By Allison Duncan
From the outrageous, raunchy antics in National Lampoon’s Vacation to the teenage angst in The Breakfast Club and Pretty in Pink to the insanely clever and unforgettable Home Alone, Jason Diamond, author of the newly released memoir Searching for John Hughes: Or Everything I Thought I Needed to Know About Life I Learned from Watching ‘80s Movies, has long been infatuated with the late John Hughes’s movies.
Hughes directed and/or scripted some of the most successful comedy films of the 1980s and early 1990s, many of which were partially inspired by his family’s relocation to Northbrook and his subsequent time at Glenbrook North High School. The year 2016 marks the 30th anniversary of Hughes’s Ferris Bueller’s Day Off, a classic teen comedy about a high school slacker’s day off from school. Bueller’s hometown of Shermer, IL is, in fact, a fictional community comprised of sites scattered around the North Shore of Chicago.
“I think all film, literature, music, and television is meant to help you escape in some way,” says Diamond. “I have a deep love and appreciation for movies but with the stuff Hughes was involved in, specifically, I think it looked more like a blueprint to life. That sort of happy existence looked attainable to me.”
In other words, Searching for John Hughes is the hilarious and poignant story of how a Jewish kid from a broken home on the North Shore—sometimes homeless, always restless—found comfort and connection in the likewise broken lives in the suburban Chicago of Hughes’s oeuvre. A writer at heart, Diamond decided early on that it would fall to him to write a biography of his favorite filmmaker. It did not matter to him that he had no qualifications, training, background, platform, or direction.
“I had hit a wall with some of my writing and started thinking about failure and how failure is what really teaches us how to move on and be better,” explains Diamond. “I’d come up with the idea to write a somewhat funny account of a time in my life when it seemed like all I was good at was failing, and that happened to be when I moved to New York City and decided I wanted to write this John Hughes’ biography that ultimately was not meant to be.”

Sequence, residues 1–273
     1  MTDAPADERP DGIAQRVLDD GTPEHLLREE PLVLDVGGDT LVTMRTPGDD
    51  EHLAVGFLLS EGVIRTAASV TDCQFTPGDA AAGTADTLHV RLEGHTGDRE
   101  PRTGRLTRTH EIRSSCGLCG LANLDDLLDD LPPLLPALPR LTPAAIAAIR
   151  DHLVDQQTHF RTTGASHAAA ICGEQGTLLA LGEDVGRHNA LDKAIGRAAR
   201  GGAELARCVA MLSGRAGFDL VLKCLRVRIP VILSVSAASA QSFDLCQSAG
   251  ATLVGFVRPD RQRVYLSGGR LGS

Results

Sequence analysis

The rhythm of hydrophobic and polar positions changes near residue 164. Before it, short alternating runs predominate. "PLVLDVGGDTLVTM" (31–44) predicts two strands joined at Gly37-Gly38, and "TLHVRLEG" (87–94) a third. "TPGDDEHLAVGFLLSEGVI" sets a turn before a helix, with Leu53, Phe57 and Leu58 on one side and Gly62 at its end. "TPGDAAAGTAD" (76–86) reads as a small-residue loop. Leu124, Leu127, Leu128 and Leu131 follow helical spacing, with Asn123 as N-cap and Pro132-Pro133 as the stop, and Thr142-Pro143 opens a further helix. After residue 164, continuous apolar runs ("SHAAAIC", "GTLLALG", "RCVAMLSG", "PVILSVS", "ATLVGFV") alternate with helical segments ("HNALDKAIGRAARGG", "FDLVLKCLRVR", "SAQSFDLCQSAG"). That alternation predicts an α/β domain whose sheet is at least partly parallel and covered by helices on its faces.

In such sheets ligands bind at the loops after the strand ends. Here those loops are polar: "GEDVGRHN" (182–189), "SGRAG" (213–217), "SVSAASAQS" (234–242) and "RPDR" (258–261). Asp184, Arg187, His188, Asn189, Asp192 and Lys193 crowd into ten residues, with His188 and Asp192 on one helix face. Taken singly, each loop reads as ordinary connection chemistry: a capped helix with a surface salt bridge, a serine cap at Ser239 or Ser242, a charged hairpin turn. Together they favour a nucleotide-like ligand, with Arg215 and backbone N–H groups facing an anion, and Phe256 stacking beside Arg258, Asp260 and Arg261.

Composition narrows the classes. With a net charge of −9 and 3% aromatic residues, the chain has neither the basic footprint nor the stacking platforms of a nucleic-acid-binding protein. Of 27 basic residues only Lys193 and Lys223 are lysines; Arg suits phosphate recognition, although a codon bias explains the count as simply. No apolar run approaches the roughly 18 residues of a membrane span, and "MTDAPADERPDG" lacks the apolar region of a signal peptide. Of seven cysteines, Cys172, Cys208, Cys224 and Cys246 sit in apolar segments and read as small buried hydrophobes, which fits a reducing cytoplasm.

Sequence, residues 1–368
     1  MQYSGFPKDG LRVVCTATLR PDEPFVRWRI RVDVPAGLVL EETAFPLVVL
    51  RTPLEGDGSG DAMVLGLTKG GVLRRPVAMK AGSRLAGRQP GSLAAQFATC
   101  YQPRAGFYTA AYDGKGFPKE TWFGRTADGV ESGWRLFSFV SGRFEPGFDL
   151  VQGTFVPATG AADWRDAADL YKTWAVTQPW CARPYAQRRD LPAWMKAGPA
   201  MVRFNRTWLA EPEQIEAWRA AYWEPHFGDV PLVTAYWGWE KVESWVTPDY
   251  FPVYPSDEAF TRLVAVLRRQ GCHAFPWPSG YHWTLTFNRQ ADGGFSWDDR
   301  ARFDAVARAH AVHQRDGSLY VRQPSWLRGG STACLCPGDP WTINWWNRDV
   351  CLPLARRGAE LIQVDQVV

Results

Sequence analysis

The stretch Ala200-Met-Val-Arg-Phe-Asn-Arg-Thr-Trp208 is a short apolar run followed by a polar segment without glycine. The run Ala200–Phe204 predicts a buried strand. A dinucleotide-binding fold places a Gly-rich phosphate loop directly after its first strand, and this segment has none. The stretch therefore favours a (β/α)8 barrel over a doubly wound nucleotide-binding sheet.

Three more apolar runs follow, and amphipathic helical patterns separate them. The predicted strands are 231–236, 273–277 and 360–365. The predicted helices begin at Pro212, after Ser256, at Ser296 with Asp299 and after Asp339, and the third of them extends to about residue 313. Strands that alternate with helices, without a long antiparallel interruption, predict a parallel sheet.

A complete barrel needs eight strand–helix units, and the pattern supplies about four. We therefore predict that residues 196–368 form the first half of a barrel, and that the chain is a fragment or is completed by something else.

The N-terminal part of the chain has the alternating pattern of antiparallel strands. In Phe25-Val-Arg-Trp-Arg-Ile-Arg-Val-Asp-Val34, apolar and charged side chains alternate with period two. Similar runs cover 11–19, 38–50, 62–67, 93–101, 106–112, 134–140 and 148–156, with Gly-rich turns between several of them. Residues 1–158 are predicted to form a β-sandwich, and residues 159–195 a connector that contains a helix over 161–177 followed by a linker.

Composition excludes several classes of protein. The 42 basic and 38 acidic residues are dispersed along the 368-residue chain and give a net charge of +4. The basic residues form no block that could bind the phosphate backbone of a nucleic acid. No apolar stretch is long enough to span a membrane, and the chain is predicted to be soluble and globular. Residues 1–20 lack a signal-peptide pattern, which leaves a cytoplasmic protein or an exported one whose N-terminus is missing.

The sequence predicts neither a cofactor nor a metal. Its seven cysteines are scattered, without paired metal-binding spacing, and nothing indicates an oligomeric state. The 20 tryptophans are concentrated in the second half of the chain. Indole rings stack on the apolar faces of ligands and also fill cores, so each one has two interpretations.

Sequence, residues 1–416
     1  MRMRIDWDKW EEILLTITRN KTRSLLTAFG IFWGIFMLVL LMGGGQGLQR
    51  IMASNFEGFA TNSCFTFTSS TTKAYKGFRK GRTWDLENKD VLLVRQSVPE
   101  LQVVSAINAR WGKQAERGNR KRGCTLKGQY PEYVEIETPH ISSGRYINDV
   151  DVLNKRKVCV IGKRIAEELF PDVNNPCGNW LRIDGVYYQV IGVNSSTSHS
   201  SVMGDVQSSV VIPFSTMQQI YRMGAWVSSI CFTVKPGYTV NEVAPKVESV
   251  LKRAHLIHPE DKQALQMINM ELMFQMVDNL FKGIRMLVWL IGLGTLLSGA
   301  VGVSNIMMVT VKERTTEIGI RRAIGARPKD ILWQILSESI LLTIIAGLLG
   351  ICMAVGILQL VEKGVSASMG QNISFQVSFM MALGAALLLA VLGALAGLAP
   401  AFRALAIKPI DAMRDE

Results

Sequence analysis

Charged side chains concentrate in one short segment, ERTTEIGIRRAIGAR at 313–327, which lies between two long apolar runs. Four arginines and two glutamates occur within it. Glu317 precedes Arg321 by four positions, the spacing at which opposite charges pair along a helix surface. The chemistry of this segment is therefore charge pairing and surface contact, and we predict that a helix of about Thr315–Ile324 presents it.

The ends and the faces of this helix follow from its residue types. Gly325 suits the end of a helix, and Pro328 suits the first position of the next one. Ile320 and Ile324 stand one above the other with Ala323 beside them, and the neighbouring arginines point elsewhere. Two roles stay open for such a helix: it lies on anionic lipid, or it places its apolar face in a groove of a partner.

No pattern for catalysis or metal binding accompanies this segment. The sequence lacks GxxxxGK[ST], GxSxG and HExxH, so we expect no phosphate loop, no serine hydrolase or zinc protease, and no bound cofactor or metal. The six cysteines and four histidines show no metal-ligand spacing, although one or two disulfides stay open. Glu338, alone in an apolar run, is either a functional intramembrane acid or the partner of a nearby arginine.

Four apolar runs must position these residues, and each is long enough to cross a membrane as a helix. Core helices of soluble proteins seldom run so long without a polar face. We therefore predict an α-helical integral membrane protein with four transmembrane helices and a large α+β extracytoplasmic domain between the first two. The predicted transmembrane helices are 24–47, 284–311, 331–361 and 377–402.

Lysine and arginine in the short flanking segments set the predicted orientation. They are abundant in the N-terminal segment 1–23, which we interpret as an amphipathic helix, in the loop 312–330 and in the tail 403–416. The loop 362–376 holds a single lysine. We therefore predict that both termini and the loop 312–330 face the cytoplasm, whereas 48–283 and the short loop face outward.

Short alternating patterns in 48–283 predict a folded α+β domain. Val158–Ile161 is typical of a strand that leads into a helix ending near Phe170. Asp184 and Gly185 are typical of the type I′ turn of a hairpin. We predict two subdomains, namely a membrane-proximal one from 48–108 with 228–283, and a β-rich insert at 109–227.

Thus went the years-long, delusional, earnest, and assiduous quest to reach his goal. In the meantime, he brewed coffee, guarded cupcake cafes, and built a respectable writing career. And all the while, he watched Hughes’s movies religiously.
“I think I was instantly grabbed by the fact that it looked like he was filming down the street from my house,” says Diamond. “There’s definitely a look to the Chicago suburbs that I think is still pretty undeniable to this day. Part of Hughes’s genius was casting people in his films that looked and acted like you or like people you know. So, growing up, I sort of thought all teenagers were like Molly Ringwald or Anthony Michael Hall.”
Hughes’s well-documented love for Chicago could perhaps explain the ease of assimilating his film’s characters into a suburban mindset. Diamond’s story of growing up and what comes after the “go for it!” part of the command to young creatives to pursue their dreams—no matter how absurd they may seem at first—invites parallels to Hughes’s work in directing, producing, and screenwriting. In honor of Hughes’s ongoing leadership and commitment to supporting young talent, the Lake Forest Gorton Community Center, a not-for-profit which operates to enrich the lives of the area’s residents through cultural arts, education, and charitable service, opened the John & Nancy Hughes Theater in 2015, a state-of-the-art multi-purpose venue.
“I am elated to give my blessing to this theater named in memory of my late husband, John,” says Hughes’s widow Nancy in a press release announcing the new theater and her family’s donation to the renovation. “He spent many of his best years as a filmmaker and father in the city of Lake Forest. Our family found it a fitting tribute to his film legacy, which often was set in Chicago’s North Shore.”
In the last year, the Theater has introduced partnerships with the School of the Art Institute of Chicago’s Gene Siskel Film Center and with the Chicago International Children’s Film Festival. As Diamond explains it, Chicago is a place where one can go if they really want to accomplish something. And though his original biography of Hughes has long since been abandoned, Diamond discovered he is a writer through and through. The adversity of going for broke has now been transformed into wisdom or, at least, a really, really good story.
“If I had to compare how my life ended up, I would probably say it was less ‘Hughesian’ and more ‘Dickensian’ in a lot of ways—young man on his own against the world, and all that,” says Diamond. “I always say that my goals in life are to publish my first book, see the Chicago Cubs win a World Series, get married, and have children. The fact that I have knocked even a few of those things out so early in my life makes me think I have to get some new goals.”
When planning his next chapter, one can safely assume that Diamond will still look to Hughes for inspiration, direction, and for a touch of humor.